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kedly, when we know the terrors of the Lord, and that: we must one day answer all our bold violations of his law, and contempts of his authority, with the loss of our immortal fouls, and by suffering the vengeance of eternal fire?
What is it then that can give men the heart and courage (but I recal that word, because it is not true courage, but fool -hardiness) thus to out-brave the judgment of God, and to set at nought the horrible and amazing consideration of a miserable eternity? How is it possible that men that are awake, and in their wits, should have any ease in their minds, or enjoy so much as one quiet hour, whilst so great a danger hangs over their heads, and they have taken no tolerable care to prevent it? If we have any true and just sense of this danger, we cannot fail to fhew that we have it, by making haite to escape it, and by taking that care of our souls, which is due to immortal spirits that are made to be happy or miserable to all eternity.
Let us not therefore estimate or measure things as they appear now to our sensual, and deluded, and depraved judgments; but let us open our eyes, and look to the last issue and consequence of them : let us often think of these things, and consider well with ourselves, what apprehensions will then probably fill and possess our minds, when we shall stand trembling before our judge, in a fearful expectation of that terrible sentence which is just ready to be pronounced, and, as soon as ever it is pronounced, to be executed upon us; when we shall have a full and clear sight of the unspeakable hape piness, and of the horrible and astonishing miseries of another world; when there shall be no longer any veil of flesh and sense to interpose between them and us, and to hide these things from our eyes; and, in a word, when heaven, with all the glories of it, shall be open to our view ; and, as the expression is in Job, Hell shall be naked before us, and destruction shall have no covering.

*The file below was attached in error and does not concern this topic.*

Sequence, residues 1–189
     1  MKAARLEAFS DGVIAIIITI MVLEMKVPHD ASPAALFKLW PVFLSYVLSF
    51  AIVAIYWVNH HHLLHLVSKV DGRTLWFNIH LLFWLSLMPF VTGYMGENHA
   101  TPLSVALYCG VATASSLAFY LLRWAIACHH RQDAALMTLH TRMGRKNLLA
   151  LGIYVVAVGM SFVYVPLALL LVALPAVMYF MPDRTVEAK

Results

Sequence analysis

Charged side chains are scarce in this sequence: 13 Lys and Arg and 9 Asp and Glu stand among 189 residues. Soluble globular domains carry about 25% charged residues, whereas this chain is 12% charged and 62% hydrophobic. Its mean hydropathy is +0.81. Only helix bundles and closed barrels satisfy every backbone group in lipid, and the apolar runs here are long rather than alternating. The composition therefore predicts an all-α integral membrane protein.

How shall we then be confounded, to find the truth and reality of those things which we will not now be perfuaded to believe? and how shall we then with, that we had believed the terrors of the Lord; and instead of quarrelling with the principles of religion, and calling B b 2
them into question, we had lived under the constant sense and awe of them?
Blessed be God, that there is yet hope concerning us, and that we may yet fiee from the wrath to come; and that the miseries of eternity may yet be prevented in time : and that for this very end and purpose, our most gracious and merciful God hath fo clearly revealed thefe things to us, not with a desire to bring them upon us, but that we, being warned by his threatenings, might not bring them upon ourselves.
I will conclude all with the counsel of the wise man, Wisdom of Solomon, chap. i. 12. 13. 16. Seek not death in the error of your life: and pull not apon yourselves destruction, with the works of your own bands. For God made not death : neither hath he pleasure in the destructie on of the living. But ungodly men with their works and words have called it down upon themselves. Which that none of us may do, God of his infinite goodness grant, for his mercics sake in Jesus Christ. To whom, with thee, O Father, and the Holy Ghost, be all honour and glory, dominion and power, thanksgiving and praise, both now and for ever. Amen,
Success not always answerable to the proba.
bility of second causes.
Being a fast-fermon preached before the house of Com-
mons, on Wednesday, April 16. 1690.
Eccl. ix. 11. I returned, and saw under the sun, that the race is not to.
the swift, nor the battle to the strong, nor yet bread tothe wise, nor yet riches to men of understanding, nor yet favour to men of skill, but time and chance happeneth tothem all.
| Ext to the acknowledgment of God's being, no-
thing is more essential to religion, than the be-
lief of his providence, and a constant depende ence upon him, as the great governor of the world, and the wise disposer of all the affairs and concernments of the children of men: and nothing can be a greater argument of providence, than that there is such an order of causes laid in nature, that in ordinary course every thing does usually attain its end; and yet that there is: such a mixture of contingency, as that now and then, we cannot tell how nor why, the most likely causes do deceive us, and fail of producing their usual effects.